Tuesday, September 6, 2016

The Infinite Sea

Ah, I've got to learn not to follow a dystopian with a dystopian. Especially if they're both also sorta kinda sci-fi and middle books. And with my mood already a bit soured by the disappointment that was Golden Son, perhaps it affected my judgment of The Infinite Sea by Rick Yancey which is, I think, less than half the size of its predecessor. You be the judge.


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Retrieved from Goodreads
Cassie Sullivan has her brother back, but still the world is dying. All that is left of the human race is a few scattered people. And a few who have had an alien consciousness awoken inside them. The Others are still tightening the noose around the Earth's neck, and Cassie and her friends still don't know how far they will go to rid the planet of the human scourge.

See that short description up there? That's because not a whole lot happens in this book, and even less of it makes sense. What captivated me about The Fifth Wave was the elegant writing style. It was poetic, but not in the way that Maggie Stiefvater books are poetic. No, it was compulsively readable, enough that I didn't really start to notice the cracks in the story until I was through with it. That writing style is still present here, but to a lesser extent. And when you have already seen the cracks, it's harder to ignore them. Cassie is annoying. I admired her for a good part of The Fifth Wave. Even if she did get distracted and moony over a boy, I admired her dedication to finding her brother and thr toughness she grabbed onto like a lifeline. In this book she just annoyed me. Her maybe romance with Ben Parish flickered and died and made me sad because Ben is a much better match for her than her alien love interest (whose story I had no interest in here). Ringer was the character I was most interested in. I enjoyed reading her backstory, how she managed to stay strong through literal internal torture. I liked her friendship with her captor/carer (again, it's been a while since I read it, so I can't remember all the names). There were some awesome action sequences with her. Aaaaand then she lost me. [SPOILER] She realizes what's been missing in her life is a boy and sex. And the romance was just...forced. I didn't care for it at all. Maybe if it had been realized in the next book. But Ringer did not need a romantic interest. I just...I'm going to read The Last Star, but from what I've heard it's not fantastic. I'll be pleased though if there isn't as many repetitions of the phrase "last star" in it as there were instances of "infinite sea" in this book. You have to earn using your title in your book. This book abused the privilege.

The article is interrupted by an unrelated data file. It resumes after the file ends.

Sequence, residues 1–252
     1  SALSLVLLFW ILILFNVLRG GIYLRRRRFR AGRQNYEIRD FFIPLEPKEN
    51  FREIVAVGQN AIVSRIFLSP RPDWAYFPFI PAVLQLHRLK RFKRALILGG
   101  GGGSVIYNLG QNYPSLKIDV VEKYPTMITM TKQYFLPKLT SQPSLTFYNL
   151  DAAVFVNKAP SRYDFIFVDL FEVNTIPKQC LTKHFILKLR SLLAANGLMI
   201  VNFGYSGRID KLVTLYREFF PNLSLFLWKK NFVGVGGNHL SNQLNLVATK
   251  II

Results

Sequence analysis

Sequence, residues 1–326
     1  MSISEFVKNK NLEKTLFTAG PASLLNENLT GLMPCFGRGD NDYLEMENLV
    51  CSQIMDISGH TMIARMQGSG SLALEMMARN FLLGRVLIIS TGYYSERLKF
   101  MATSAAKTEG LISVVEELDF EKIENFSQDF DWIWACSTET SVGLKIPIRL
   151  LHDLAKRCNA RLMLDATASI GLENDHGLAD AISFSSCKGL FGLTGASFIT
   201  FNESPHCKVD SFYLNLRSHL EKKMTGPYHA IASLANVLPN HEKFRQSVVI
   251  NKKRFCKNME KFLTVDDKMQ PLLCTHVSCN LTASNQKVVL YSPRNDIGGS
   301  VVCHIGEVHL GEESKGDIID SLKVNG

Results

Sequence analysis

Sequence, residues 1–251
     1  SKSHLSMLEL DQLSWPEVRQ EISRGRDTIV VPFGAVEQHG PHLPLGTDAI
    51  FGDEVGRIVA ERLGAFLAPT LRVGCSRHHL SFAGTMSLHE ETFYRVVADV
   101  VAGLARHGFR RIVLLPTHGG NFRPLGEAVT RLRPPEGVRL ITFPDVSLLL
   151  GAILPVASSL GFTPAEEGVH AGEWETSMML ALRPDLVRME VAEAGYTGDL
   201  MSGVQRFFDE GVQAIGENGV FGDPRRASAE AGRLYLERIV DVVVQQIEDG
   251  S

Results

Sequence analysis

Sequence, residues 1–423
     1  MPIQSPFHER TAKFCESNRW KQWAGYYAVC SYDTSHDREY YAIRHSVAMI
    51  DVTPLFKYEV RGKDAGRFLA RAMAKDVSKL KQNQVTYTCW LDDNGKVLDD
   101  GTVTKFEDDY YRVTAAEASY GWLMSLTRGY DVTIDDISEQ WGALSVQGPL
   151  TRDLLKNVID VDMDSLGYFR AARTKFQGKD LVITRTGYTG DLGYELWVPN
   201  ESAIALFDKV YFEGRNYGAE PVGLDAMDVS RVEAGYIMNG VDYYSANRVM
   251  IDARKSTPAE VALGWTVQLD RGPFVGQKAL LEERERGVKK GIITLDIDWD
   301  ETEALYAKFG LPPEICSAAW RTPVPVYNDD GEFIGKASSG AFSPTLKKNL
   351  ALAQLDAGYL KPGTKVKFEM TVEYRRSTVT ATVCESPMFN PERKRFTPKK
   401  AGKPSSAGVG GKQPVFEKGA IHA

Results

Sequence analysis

Goodreads Rating: 3 Stars (more like 2.5)
Up Next:  An Ember in the Ashes by Sabaa Tahir

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